CaltechAUTHORS
  A Caltech Library Service

Far-field tilting of Laurentia during the Ordovician and constraints on the evolution of a slab under an ancient continent

Coakley, Bernard and Gurnis, Michael (1995) Far-field tilting of Laurentia during the Ordovician and constraints on the evolution of a slab under an ancient continent. Journal of Geophysical Research B, 100 (B4). pp. 6313-6327. ISSN 0148-0227. http://resolver.caltech.edu/CaltechAUTHORS:20130311-142835955

[img]
Preview
PDF - Published Version
See Usage Policy.

7Mb

Use this Persistent URL to link to this item: http://resolver.caltech.edu/CaltechAUTHORS:20130311-142835955

Abstract

During a brief period of 10 to 15 million years in the Middle-Ordovician, the Michigan Basin departed from its bull's-eye subsidence pattern and tilted toward the east, opening to the Appalachian basin. This tilting is observed in maps of tectonic subsidence estimated for the Black River and Trenton Formations and extends over 300 km across the Michigan Basin and into eastern Wisconsin. Contours of constant tectonic subsidence rate are approximately parallel to the inferred position of the Laurentian-Iapetus convergent margin. The distance between the inferred position of the subduction zone to the limit of tilting is approximately 1000 km. Three alternative models for the tilting are tested, two relying on the rigidity of the continental lithosphere and a third on the viscous flow generated by a subducted slab. In the first elastic model we assume the edge of the elastic plate is simply loaded from above (by a fold and thrust sheet, volcanic pile, etc.). This model, however, cannot simultaneously satisfy the space of tectonic subsidence and subsidence rate, even for lithospheres which have a rigidity of 10^28 Nm. In the second elastic model, the Laurentian continental margin descends into a trench of an eastward dipping slab, that is, a slab descending under the Iapetus ocean. This process cannot generate any significant far field displacements, even for extremely rigid plates, and must be rejected. For the third model we use finite element solutions of a negatively buoyant slab in a viscous medium with a faulted lithosphere. Such slabs can easily generate not only realistic trenches on the under thrusting plate but also significantly tilt the lithosphere as much as 1000 km from the plate margin. The magnitude and distribution of far-field displacements depend on the age, length, and dip angle of the slab. In contrast to the elastic models, penetration of a west-dipping slab beneath the continent can reproduce both the extent, magnitude, and rate of tectonic subsidence observed in the Trenton and Black River Formations. The observed data are best fit by an old slab (140 Ma), which initially descended at a moderate dip (20°–30°) for 10–15 m.y., which then steepened as the slab penetrated deeper into the mantle. At the position of the previous Ordovician plate margin, there are narrow, block faulted basins which underwent rapid subsidence ∼10 m.y. before the Michigan Basin tilted toward the east. We propose that these earlier subsidence events were caused by the initial descent of the slab under the preexisting Cambro-Ordovician passive margin. The time lag of ∼10 m.y. may be due to the time it takes the slab to penetrate the upper mantle. This result is important for understanding the time evolution of mantle convection and mechanisms for the initiation of subduction.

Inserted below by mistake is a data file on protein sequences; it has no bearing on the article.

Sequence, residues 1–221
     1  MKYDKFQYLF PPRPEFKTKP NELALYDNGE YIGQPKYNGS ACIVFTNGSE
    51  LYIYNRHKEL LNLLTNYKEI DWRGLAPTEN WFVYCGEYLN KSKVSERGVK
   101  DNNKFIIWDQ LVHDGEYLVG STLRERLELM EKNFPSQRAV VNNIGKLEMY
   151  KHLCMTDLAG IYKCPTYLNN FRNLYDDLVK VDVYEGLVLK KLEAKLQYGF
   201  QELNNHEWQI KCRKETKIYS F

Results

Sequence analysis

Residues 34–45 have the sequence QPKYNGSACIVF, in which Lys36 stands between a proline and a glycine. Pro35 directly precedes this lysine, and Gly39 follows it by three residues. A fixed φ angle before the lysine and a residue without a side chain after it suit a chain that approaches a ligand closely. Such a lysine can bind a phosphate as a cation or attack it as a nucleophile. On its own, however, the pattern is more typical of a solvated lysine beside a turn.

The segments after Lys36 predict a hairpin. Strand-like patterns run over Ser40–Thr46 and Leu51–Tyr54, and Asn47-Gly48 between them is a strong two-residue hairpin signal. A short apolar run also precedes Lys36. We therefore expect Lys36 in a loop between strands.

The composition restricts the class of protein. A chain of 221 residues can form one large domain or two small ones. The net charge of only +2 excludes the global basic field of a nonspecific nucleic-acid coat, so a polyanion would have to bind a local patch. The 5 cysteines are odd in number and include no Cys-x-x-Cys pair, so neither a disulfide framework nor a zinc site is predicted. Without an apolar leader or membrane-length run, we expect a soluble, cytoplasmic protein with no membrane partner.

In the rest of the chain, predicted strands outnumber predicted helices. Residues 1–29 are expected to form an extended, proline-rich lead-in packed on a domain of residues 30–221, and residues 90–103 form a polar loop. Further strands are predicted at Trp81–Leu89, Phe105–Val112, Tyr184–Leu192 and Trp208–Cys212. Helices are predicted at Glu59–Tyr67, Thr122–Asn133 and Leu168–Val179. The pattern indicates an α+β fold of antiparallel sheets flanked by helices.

Item Type:Article
Related URLs:
URLURL TypeDescription
http://dx.doi.org/10.1029/94JB02916DOIUNSPECIFIED
http://onlinelibrary.wiley.com/doi/10.1029/94JB02916/abstractPublisherUNSPECIFIED
Additional Information:© 1995 American Geophysical Union. Manuscript Accepted: 2 November 1994; Manuscript Received: 24 March 1994. B.J.C. was supported by a grant from the Gas Research Institute under contract 5089-260-1810. M.G. is supported by a fellowship from the David and Lucile Packard Foundation and by NSF grant EAR 9496185. Thanks to Greg Nadon, Herb Wang, Jeff Nunn, and Paul Howell for enlightening, continuing discussions. We thank Shijie Zhong for assistance with the finite element modeling. Contribution number 5394, Division of Geological and Planetary Sciences at Caltech.
Group:Seismological Laboratory
Funders:
Funding AgencyGrant Number
Gas Research Institute 5089-260-1810
David and Lucile Packard FoundationUNSPECIFIED
NSFEAR 9496185
Other Numbering System:
Other Numbering System NameOther Numbering System ID
Caltech Division of Geological and Planetary Sciences5394
Record Number:CaltechAUTHORS:20130311-142835955
Persistent URL:http://resolver.caltech.edu/CaltechAUTHORS:20130311-142835955
Official Citation:Coakley, B., and M. Gurnis (1995), Far-field tilting of Laurentia during the Ordovician and constraints on the evolution of a slab under an ancient continent, J. Geophys. Res., 100(B4), 6313–6327, doi:10.1029/94JB02916.
Usage Policy:No commercial reproduction, distribution, display or performance rights in this work are provided.
ID Code:37446
Collection:CaltechAUTHORS
Deposited By: Jason Perez
Deposited On:11 Mar 2013 21:53
Last Modified:11 Jun 2015 12:59

Repository Staff Only: item control page